Long Island Addiction Resources - Separating the Person from the Addiction
US Attorney Preet Bharara.
US Attorney Preet Bharara Seeks to Crack Down on Opioid Dealers
December 5, 2016
New Year's Eve Cityscape with Fireworks
New Year’s Resolutions in Recovery
December 15, 2016
Show all

Separating the Person from the Addiction

Family mother consoling daughter silhouette.

Every friend or loved one of an addict has experienced it: that desperate and sickening frustration and fear that comes from watching the people they love destroy themselves with drugs and alcohol. It’s not uncommon for a person in the deep throes of addiction to do unspeakable things; they would never do under normal circumstances and this can be an irreversibly jarring experience for their friends and family. The person we may find stealing from us, threatening us or attempting to manipulate us may have our loved ones’ eyes, their hair or their body, but they are, by no means the same person we have come to know and love.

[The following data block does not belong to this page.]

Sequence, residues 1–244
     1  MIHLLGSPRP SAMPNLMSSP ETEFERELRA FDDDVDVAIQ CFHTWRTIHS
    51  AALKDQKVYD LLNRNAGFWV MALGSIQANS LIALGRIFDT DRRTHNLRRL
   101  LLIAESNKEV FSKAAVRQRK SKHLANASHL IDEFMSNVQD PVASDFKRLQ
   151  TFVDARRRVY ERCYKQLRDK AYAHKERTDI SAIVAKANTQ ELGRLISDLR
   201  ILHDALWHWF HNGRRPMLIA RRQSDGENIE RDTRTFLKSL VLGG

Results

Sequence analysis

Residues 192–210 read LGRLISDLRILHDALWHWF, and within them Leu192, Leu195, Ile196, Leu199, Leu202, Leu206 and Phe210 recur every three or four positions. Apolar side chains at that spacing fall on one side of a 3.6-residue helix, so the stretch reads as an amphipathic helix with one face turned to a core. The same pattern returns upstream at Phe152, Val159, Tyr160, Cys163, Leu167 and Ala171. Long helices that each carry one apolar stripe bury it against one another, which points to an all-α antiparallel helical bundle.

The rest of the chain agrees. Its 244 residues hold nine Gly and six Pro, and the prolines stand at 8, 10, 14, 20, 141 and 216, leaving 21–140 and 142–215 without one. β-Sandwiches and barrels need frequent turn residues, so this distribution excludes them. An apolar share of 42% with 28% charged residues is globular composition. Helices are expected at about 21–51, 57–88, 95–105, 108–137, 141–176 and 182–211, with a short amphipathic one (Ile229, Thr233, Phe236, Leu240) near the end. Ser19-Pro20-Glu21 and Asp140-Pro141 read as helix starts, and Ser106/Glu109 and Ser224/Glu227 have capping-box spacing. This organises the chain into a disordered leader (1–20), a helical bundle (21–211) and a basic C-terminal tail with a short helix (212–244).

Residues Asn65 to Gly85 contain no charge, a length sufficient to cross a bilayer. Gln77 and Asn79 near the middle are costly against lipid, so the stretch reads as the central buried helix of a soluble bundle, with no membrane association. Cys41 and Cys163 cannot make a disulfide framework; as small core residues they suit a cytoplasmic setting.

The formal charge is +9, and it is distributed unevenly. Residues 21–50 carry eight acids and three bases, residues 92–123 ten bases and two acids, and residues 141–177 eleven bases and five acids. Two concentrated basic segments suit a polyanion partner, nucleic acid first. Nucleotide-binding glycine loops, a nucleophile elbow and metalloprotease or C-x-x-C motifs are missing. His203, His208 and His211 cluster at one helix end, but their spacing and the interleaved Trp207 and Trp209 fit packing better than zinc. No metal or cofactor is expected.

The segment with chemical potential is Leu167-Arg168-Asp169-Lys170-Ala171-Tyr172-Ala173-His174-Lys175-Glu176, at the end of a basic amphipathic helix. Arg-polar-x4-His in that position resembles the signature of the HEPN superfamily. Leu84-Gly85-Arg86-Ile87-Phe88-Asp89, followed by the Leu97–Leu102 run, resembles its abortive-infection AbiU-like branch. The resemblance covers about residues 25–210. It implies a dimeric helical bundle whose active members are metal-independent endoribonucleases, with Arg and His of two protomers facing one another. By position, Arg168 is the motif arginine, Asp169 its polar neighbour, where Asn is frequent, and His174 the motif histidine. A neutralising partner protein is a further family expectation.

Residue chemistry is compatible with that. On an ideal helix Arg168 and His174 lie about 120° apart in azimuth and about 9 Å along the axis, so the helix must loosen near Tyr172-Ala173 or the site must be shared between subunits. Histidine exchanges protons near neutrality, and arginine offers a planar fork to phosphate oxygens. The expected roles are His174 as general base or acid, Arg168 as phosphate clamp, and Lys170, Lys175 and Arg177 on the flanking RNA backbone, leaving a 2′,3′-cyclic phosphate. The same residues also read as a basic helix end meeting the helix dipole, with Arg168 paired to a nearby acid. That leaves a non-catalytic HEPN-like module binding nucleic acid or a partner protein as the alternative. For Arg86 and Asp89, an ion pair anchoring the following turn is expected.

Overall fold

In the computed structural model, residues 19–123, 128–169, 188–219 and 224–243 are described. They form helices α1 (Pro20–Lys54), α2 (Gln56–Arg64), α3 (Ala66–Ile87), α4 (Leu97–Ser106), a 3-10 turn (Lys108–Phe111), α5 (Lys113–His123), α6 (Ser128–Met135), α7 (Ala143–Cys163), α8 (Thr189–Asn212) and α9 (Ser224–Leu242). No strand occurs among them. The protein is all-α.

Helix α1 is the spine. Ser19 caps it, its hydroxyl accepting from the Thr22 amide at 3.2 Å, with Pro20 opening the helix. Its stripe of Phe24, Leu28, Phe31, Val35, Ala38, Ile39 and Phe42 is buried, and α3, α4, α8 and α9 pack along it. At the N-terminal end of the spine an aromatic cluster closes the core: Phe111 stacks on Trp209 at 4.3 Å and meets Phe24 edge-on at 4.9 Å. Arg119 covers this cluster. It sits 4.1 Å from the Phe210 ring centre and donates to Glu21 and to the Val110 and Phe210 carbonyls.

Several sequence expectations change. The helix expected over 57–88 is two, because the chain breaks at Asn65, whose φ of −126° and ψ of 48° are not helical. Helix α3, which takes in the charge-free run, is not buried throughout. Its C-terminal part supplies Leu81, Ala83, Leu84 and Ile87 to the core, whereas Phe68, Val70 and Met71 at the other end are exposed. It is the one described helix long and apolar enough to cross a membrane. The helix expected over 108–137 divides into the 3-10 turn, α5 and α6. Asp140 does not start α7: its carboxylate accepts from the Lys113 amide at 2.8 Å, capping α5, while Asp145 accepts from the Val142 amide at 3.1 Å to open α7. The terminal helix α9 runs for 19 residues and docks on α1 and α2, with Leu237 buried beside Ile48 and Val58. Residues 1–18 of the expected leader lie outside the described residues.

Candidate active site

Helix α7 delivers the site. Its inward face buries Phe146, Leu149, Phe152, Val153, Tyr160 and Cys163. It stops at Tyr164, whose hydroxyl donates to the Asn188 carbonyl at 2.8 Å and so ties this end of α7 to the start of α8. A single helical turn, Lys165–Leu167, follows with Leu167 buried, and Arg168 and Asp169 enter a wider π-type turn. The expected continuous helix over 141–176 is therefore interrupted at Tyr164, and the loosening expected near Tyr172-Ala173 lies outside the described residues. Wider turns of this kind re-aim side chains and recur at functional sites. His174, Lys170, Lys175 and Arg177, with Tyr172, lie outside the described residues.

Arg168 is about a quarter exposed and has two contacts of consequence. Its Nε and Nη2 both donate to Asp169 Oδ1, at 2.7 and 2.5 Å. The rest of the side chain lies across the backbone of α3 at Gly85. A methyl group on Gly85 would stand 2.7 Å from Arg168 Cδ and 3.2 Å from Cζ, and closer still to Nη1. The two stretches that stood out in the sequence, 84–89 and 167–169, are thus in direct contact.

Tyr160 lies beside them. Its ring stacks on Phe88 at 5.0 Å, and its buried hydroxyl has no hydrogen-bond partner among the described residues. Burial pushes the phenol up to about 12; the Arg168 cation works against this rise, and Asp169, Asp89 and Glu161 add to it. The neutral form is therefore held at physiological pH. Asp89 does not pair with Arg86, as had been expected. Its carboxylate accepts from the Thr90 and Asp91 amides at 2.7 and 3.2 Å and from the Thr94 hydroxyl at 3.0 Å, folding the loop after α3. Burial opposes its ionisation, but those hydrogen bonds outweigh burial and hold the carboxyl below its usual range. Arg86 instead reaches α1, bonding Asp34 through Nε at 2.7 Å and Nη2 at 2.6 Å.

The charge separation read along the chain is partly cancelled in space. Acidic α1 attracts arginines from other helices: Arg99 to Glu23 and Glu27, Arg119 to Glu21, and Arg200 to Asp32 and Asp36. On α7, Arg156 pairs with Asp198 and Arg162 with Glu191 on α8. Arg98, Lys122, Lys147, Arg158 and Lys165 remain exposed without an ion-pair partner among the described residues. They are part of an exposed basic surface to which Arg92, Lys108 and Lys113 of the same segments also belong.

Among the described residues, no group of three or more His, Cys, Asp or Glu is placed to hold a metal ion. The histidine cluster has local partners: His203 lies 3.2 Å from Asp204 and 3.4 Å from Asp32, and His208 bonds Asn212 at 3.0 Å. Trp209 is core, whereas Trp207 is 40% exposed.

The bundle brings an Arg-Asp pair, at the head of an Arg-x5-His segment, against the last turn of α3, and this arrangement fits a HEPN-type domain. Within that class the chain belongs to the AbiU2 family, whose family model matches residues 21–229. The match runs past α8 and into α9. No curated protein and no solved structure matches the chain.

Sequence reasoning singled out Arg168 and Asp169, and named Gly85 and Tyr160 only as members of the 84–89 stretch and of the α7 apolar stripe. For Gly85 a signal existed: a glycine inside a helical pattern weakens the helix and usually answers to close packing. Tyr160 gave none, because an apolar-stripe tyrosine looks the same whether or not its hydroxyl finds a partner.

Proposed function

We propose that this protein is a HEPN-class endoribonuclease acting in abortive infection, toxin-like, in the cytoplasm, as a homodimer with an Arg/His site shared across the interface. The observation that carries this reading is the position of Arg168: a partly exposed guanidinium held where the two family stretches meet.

When we consider the dramatic and lasting changes in brain chemistry caused by addiction, it’s little wonder that we find the people we thought we knew so well acting so out of character when they’re in the grips of addiction. The vibrant, loving and caring person we’ve come to love is no longer themselves, and we have to recognize that in all of our decision-making. It’s important to remember this, as well as the reality that they can be saved and they can heal from addiction, no matter how far gone we think they are, and no matter what they’ve done.

Why is it so important to remember this? Because the minute we stop remembering is the minute we give up on the person we care about and the person who so badly needs our help. We stop trying as hard, we declare our loved one a “lost cause” and we resign ourselves to the assertion that they’re lost forever and that there’s nothing we can do. Whether we like it or not, it is often up to us to guide our addicted loved ones toward the care they need, however necessary. This starts with recognizing that they are still worth helping.

Comments are closed.